My first proper full-time position 10 years ago was a mid-level Rails dev at touchlocal.co.uk, big tower near the MI6 headquarters in London. Exiting times and a perfect start to put the mere six months experience I had with Rails into use. The first two weeks I was assigned to fix the test-suite, which had been neglected over the last busy months before launching the product, as it is common.
I still consider this as one of the most important moments in my career and writing tests stuck with me. Once the test-suite was usable again, brought up to the then current codebase, it quickly showed benefits in an application with a front- and back-end, where work on a data model requires tests on many more places than the user-story was narrated around. In any sized team, especially with new developers joining in, the potential fallout of a small change to a method gets harder to estimate. Automated tests are the only help and can surpass even the knowledge of th elongest involved team-member.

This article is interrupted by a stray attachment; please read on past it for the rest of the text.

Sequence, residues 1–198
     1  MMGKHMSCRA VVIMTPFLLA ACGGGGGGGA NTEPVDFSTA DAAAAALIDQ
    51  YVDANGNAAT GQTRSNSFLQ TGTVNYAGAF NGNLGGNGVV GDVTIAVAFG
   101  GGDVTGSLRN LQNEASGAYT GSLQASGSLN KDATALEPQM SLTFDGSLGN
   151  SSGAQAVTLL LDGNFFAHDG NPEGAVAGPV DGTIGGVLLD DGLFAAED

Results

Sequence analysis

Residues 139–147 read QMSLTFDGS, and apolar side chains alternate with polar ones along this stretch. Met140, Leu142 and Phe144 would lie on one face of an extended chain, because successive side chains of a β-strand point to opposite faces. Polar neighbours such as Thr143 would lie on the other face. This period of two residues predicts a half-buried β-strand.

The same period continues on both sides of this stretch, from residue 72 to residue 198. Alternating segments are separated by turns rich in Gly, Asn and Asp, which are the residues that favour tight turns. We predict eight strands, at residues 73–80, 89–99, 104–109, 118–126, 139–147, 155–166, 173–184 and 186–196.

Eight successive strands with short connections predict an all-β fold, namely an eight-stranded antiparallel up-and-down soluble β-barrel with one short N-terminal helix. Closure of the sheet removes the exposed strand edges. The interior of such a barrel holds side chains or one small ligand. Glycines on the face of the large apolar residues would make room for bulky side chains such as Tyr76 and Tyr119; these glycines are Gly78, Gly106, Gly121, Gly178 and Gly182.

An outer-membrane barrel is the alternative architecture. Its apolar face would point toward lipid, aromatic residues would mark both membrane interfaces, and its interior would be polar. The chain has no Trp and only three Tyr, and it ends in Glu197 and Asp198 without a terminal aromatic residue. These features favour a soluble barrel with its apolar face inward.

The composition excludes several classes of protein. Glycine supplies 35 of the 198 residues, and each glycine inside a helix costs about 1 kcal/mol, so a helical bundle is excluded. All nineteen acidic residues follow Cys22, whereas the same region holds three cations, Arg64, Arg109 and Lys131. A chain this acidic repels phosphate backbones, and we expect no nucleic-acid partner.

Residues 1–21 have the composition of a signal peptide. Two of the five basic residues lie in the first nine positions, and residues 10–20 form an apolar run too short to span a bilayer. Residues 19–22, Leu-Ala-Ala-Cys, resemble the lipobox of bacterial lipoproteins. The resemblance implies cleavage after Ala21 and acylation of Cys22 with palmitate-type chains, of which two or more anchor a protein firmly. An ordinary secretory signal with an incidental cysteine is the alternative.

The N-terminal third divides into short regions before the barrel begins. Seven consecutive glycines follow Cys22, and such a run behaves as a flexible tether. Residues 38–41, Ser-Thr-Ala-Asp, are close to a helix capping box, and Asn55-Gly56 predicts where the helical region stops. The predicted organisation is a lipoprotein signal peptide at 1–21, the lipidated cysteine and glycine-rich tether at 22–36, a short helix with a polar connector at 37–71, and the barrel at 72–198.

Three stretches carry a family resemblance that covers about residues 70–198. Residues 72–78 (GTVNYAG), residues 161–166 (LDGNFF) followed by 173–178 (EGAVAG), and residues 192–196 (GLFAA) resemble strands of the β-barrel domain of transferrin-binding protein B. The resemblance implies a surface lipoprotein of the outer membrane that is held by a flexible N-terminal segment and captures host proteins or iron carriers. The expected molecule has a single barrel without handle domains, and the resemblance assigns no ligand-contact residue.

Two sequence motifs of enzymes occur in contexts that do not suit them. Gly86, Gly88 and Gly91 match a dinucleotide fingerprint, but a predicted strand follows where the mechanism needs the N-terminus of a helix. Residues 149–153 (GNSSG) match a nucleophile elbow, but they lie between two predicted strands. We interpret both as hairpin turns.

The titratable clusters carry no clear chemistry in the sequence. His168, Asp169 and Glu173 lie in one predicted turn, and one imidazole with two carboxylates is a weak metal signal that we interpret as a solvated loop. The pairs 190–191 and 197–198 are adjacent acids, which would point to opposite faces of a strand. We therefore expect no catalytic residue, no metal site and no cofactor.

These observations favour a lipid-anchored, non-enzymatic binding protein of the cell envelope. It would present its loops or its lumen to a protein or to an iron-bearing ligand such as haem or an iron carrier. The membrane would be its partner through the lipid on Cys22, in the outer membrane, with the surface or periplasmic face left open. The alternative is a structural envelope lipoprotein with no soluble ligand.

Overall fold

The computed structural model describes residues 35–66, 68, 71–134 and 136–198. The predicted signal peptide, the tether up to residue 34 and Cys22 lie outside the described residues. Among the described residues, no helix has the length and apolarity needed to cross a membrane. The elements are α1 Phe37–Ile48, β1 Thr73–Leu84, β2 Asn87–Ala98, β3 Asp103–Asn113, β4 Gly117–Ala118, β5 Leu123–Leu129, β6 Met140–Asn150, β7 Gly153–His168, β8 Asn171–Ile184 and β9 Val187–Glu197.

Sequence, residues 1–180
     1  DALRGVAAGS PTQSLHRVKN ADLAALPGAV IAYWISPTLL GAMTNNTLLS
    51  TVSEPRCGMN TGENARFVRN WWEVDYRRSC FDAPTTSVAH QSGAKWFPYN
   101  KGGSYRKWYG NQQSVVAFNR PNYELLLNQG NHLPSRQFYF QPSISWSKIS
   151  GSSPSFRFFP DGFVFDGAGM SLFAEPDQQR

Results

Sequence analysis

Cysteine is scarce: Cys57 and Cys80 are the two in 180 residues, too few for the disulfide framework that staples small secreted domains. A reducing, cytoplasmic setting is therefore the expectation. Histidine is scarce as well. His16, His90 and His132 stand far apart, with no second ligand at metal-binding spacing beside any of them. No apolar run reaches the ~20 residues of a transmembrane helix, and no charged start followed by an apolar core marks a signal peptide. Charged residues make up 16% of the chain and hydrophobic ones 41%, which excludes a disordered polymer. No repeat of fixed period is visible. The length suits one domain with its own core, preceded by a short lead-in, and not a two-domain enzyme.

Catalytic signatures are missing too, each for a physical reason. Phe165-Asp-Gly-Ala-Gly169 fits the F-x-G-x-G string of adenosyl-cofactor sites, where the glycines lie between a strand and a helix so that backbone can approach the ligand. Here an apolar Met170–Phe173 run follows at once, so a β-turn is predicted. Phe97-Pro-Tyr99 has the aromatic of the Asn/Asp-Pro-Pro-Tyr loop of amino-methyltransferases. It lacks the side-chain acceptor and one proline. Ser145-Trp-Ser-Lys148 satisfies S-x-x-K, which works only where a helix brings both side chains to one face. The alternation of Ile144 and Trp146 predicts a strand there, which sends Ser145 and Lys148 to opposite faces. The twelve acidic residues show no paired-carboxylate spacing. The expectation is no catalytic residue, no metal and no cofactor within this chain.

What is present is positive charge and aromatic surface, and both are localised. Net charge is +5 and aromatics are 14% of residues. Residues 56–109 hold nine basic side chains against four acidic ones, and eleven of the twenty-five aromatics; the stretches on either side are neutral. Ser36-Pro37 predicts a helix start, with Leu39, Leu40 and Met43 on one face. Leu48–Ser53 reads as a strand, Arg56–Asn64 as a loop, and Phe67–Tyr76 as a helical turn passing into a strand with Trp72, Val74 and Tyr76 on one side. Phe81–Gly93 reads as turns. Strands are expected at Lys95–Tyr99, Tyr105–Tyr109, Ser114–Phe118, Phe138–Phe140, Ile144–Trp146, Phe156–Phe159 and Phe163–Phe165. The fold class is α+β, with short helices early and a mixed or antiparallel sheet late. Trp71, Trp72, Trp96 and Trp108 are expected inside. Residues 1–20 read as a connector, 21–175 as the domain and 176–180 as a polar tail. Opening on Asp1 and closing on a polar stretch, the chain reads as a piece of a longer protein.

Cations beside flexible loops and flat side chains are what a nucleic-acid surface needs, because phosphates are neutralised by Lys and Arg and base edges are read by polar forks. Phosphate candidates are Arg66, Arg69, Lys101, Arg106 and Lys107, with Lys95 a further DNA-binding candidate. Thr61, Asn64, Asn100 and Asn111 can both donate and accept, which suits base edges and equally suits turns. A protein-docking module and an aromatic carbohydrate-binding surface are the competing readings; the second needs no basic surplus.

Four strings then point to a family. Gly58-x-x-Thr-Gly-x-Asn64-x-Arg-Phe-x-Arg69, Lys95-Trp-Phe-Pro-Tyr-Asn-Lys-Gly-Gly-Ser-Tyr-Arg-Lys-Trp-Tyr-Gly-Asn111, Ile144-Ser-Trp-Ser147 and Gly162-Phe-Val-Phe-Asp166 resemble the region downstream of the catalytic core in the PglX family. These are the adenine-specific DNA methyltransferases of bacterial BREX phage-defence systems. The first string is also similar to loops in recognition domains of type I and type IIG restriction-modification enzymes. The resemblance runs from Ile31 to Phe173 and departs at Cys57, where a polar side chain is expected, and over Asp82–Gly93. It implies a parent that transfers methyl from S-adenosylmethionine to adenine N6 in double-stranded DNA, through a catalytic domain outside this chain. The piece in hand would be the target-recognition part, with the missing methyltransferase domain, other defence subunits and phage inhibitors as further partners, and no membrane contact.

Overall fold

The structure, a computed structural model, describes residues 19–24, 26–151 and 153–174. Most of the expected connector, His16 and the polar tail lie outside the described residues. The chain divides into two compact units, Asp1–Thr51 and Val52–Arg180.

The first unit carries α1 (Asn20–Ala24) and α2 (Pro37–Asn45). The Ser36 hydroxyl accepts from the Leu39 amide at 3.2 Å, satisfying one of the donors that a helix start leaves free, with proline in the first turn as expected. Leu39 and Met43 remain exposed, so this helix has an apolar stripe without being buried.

Nowadays I have a small team to lead at Naiku and find myself in the position that I have to remind my team to write not just good code but good specs alongside. The emphasis is on good specs, because there are so many ways to write tests that aren’t worth the effort. Edge-cases with bad user-input or unassigned variables must be covered just like the method’s best case. Writing tests for every of your methods will also push you to split methods, making the problem easier to test.